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Table 1 Systematic reviews included: main characteristics and findings

From: The CORBEL matrix on informed consent in clinical studies: a multidisciplinary approach of Research Infrastructures Building Enduring Life-science Services

Author Year No. of studies Results
Edwards SJ 1998 14 Various studies suggest that giving people more information and time to reflect tends to be associated with a lower consent rate. There seems to be an optimal level of information about side-effects such that patients are not overburdened by detail. More information in general is associated with greater awareness of the research nature of the trial, voluntariness of participation, right to withdraw and alternative treatments. This result does not extend to explanations of randomization on which the literature is contradictory. High levels of knowledge are significantly associated with less anxiety, irrespective of consent method. The more patients know before they are invited to participate in a trial, the better equipped they are to cope with the informed consent procedure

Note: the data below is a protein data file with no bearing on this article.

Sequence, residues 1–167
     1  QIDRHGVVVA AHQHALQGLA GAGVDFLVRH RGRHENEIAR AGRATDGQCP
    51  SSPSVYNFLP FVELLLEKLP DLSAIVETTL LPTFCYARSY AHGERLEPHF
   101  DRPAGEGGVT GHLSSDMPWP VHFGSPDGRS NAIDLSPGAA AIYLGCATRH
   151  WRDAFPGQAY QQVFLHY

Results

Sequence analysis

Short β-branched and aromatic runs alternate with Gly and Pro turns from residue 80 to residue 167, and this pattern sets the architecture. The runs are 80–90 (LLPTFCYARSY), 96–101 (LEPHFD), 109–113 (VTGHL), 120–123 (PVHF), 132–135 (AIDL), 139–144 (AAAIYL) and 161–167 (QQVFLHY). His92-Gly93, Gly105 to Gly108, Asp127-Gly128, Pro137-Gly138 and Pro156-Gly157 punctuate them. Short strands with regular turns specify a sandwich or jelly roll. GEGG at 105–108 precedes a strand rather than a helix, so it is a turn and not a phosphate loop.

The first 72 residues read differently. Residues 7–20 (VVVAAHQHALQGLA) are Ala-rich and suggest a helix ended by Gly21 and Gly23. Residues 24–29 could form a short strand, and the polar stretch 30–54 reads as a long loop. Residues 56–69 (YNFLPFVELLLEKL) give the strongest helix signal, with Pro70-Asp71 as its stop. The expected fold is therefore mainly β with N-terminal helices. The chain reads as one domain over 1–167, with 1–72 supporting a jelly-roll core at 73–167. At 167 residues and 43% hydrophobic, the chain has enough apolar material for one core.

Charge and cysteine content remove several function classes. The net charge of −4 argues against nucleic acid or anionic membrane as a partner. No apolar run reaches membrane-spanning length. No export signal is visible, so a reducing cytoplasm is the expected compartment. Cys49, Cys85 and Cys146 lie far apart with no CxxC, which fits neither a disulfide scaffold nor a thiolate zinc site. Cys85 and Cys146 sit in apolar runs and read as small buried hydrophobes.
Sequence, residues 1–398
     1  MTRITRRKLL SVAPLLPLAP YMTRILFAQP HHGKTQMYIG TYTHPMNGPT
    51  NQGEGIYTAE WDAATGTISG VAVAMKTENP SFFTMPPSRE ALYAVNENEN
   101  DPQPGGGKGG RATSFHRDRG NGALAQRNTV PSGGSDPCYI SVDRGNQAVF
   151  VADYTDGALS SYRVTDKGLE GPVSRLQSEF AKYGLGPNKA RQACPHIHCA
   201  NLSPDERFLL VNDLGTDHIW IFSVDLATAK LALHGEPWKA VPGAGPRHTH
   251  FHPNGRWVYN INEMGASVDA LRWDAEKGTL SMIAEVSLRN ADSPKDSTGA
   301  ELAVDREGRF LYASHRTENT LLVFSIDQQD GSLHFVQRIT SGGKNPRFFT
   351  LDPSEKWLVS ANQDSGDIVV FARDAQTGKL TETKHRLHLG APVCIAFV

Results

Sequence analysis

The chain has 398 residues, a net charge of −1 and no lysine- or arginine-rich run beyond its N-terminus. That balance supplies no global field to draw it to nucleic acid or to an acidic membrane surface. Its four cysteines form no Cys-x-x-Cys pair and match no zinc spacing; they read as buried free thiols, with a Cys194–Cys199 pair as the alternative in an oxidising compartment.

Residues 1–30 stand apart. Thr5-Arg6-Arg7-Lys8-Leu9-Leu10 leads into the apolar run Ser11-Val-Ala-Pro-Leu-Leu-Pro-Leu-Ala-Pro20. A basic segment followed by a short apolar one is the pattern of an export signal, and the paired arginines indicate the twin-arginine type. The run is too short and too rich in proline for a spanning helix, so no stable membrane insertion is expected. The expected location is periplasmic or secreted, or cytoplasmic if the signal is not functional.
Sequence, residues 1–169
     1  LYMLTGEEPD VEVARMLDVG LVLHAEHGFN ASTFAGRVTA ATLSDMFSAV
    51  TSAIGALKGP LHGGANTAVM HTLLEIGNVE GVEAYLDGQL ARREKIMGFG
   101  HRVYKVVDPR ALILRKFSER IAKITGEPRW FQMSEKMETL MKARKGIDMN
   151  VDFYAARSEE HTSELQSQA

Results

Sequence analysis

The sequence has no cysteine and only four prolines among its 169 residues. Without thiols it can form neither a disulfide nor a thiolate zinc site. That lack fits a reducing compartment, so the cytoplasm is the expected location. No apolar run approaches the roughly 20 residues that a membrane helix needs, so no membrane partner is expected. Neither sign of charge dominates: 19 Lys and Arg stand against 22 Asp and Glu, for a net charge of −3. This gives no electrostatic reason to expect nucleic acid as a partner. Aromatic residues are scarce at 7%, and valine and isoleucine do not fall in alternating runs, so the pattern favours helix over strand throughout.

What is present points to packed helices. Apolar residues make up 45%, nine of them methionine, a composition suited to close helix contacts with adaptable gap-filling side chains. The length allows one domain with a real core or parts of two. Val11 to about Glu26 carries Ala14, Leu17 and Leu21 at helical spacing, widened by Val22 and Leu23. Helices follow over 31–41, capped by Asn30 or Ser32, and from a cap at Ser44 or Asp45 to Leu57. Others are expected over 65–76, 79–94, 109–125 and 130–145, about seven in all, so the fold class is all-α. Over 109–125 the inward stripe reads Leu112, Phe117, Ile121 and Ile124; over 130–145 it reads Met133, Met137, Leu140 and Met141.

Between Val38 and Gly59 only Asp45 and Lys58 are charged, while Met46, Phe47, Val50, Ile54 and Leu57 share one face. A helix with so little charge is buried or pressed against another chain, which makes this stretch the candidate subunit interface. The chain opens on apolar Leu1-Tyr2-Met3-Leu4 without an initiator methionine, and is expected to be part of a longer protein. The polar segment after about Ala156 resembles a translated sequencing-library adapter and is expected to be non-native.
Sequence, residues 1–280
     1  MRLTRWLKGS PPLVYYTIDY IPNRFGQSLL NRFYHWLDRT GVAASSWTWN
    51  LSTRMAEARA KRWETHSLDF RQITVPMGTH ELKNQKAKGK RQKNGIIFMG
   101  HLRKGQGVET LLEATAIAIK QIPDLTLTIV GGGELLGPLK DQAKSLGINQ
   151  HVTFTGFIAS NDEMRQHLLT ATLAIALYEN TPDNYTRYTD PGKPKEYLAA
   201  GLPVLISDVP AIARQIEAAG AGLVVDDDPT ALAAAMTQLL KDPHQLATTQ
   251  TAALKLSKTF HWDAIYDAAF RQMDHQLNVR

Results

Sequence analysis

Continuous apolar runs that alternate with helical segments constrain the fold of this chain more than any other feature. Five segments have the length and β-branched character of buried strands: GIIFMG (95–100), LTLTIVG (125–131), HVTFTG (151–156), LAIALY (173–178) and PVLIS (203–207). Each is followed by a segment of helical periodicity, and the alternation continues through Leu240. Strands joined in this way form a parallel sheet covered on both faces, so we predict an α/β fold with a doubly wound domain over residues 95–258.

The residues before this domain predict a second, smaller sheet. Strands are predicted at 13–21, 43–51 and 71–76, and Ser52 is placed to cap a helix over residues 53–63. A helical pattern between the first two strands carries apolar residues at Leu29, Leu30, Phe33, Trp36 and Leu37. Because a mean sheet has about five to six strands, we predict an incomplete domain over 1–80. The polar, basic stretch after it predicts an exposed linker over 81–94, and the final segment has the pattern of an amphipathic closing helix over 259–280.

Flory J 2004 30 on 42 trials Multimedia interventions: of 12 trials; only 1 published and 2 unpublished documented an improvement in understanding. Of 15 trials of enhanced consent forms, 6 showed significant improvement in understanding but 5 of these 6 were of limited quality
Of 5 trials of extended discussion, 3 showed significant improvement in understanding and 2 showed trends toward improvement. Of 5 trials of test/feedback, all showed significant improvement in understanding but were flawed (may mistook rote memorization for improvement in understanding). Another 5 trials were put into a miscellaneous category and had varying impact on understanding. Some demographic factors, particularly lower education, were associated with less understanding. Satisfaction and willingness to enrol were never significantly diminished by an intervention